There is a great deal of talk at the moment about British values. They should be taught in schools, we are told. They will help us to combat terrorism, it is said. What we rarely hear, however, is the elaboration of what those values are, why they matter and how they are relevant to our lives. Instead, we hear these values limply evoked, as if they are from a script written by someone else a long time ago, such as the list-like approach in May’s conference speech. And, more often than not, we see our political leaders disregard or even ditch these values, which is exactly what May did in the same address to the Conservative conference.
After celebrating certain British values, May proceeded to detail how they were to be undermined. A future Conservative government would seek new powers to ban extremist groups and curb the activities of “harmful” individuals, she said. The new measures will be targeted at people and groups who “stay just within the law but spread poisonous hatred”. Groups that cannot currently be proscribed will be subject to banning orders should ministers “reasonably believe” that they intend to incite religious or racial hatred, to threaten democracy or if there is an urgent need to protect the public from harm, either from a risk of violence, public disorder, harassment or other criminal acts.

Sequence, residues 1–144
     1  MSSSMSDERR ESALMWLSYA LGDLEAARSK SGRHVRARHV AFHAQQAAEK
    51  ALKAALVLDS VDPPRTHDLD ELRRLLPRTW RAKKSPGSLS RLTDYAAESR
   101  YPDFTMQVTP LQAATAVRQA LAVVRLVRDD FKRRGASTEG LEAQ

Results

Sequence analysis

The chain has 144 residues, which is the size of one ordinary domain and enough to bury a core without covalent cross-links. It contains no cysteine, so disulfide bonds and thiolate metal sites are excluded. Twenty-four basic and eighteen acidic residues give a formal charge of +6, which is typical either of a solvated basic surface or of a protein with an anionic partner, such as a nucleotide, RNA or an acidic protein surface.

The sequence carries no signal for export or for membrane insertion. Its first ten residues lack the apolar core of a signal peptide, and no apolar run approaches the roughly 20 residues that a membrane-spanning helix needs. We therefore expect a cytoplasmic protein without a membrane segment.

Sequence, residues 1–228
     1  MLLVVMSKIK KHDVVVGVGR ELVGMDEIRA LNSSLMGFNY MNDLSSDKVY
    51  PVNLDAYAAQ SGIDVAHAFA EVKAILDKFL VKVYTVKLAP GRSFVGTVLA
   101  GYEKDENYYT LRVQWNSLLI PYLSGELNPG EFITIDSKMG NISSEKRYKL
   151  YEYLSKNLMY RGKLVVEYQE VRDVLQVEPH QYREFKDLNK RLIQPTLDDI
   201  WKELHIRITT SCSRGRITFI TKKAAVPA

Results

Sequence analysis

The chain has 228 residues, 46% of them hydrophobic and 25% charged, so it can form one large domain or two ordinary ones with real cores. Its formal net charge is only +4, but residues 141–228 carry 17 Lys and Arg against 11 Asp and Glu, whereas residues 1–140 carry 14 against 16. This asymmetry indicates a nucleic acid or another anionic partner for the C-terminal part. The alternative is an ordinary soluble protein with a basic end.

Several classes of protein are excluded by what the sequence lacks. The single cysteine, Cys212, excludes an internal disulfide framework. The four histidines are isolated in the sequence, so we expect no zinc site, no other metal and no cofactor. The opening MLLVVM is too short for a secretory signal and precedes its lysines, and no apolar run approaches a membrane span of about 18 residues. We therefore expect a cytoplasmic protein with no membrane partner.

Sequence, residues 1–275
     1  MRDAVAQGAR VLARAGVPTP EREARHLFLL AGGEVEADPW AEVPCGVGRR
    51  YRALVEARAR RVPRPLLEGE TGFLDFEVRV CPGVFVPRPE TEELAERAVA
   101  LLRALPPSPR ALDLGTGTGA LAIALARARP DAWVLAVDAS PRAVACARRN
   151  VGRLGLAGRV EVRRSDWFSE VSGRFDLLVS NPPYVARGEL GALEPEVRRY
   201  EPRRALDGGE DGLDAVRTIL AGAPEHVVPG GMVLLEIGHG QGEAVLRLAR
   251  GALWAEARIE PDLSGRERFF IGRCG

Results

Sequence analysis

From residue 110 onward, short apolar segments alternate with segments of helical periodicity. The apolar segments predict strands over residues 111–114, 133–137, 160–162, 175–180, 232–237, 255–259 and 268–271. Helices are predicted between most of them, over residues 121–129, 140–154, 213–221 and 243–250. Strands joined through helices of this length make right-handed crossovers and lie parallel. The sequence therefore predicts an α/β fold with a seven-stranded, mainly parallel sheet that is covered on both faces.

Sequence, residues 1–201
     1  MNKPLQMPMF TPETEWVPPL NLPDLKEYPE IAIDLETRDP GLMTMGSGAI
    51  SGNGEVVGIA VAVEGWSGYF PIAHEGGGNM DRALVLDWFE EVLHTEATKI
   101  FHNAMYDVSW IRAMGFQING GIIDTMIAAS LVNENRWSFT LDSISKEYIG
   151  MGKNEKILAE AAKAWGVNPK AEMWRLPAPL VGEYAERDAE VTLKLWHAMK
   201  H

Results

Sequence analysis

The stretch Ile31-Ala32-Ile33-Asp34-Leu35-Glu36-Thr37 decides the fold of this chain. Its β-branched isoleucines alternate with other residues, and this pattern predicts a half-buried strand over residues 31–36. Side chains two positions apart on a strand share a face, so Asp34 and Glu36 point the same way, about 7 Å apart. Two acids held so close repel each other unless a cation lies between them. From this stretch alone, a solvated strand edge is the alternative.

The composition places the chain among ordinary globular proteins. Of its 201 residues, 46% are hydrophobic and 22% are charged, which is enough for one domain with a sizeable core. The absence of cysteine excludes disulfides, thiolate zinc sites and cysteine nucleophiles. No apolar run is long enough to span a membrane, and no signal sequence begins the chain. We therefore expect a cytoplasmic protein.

Groups which incite violence are already banned. May proposes to regulate those groups who are already working within the law, when a minister “reasonably believes” they “intend” to “threaten democracy” or cause “harassment”, all of which is vague, subjective and subject to a very low standard of proof – way too low. Creating a public disorder is also what perfectly legitimate protest groups may want to do, and reasonably so. As one political commentator pointed out, all sorts, including the Socialist Workers Party and anti-abortion activists, could easily be targeted with these “banning orders” and “extremism disruption orders”. Not happy with just restricting political protest, May also announced plans to resurrect the Communications Data Bill, which would give police and security services wide-ranging internet surveillance powers, and confirmed that a new counter-terrorism bill, which would allow for the confiscation of passports of Britons who travelled to fight in Iraq and Syria, will be introduced in November.
There is no need for these extra powers. And they are likely to be used inappropriately. Past experience shows that once the law is extended for one reason, often terrorism, it is applied elsewhere. The Regulation of Investigatory Powers Act, intended to work in the interests of national security, was used by more than 12 local authorities to monitor dog owners whose animals were suspected of dog fouling.
You cannot promote liberal values by introducing state powers that undermine liberal values. Showing the world that we lack the conviction and belief necessary to hold true to these principles is no way to win anyone at home or abroad to these vital principles – to our way of life. It is these proposals that are the true threat to democracy.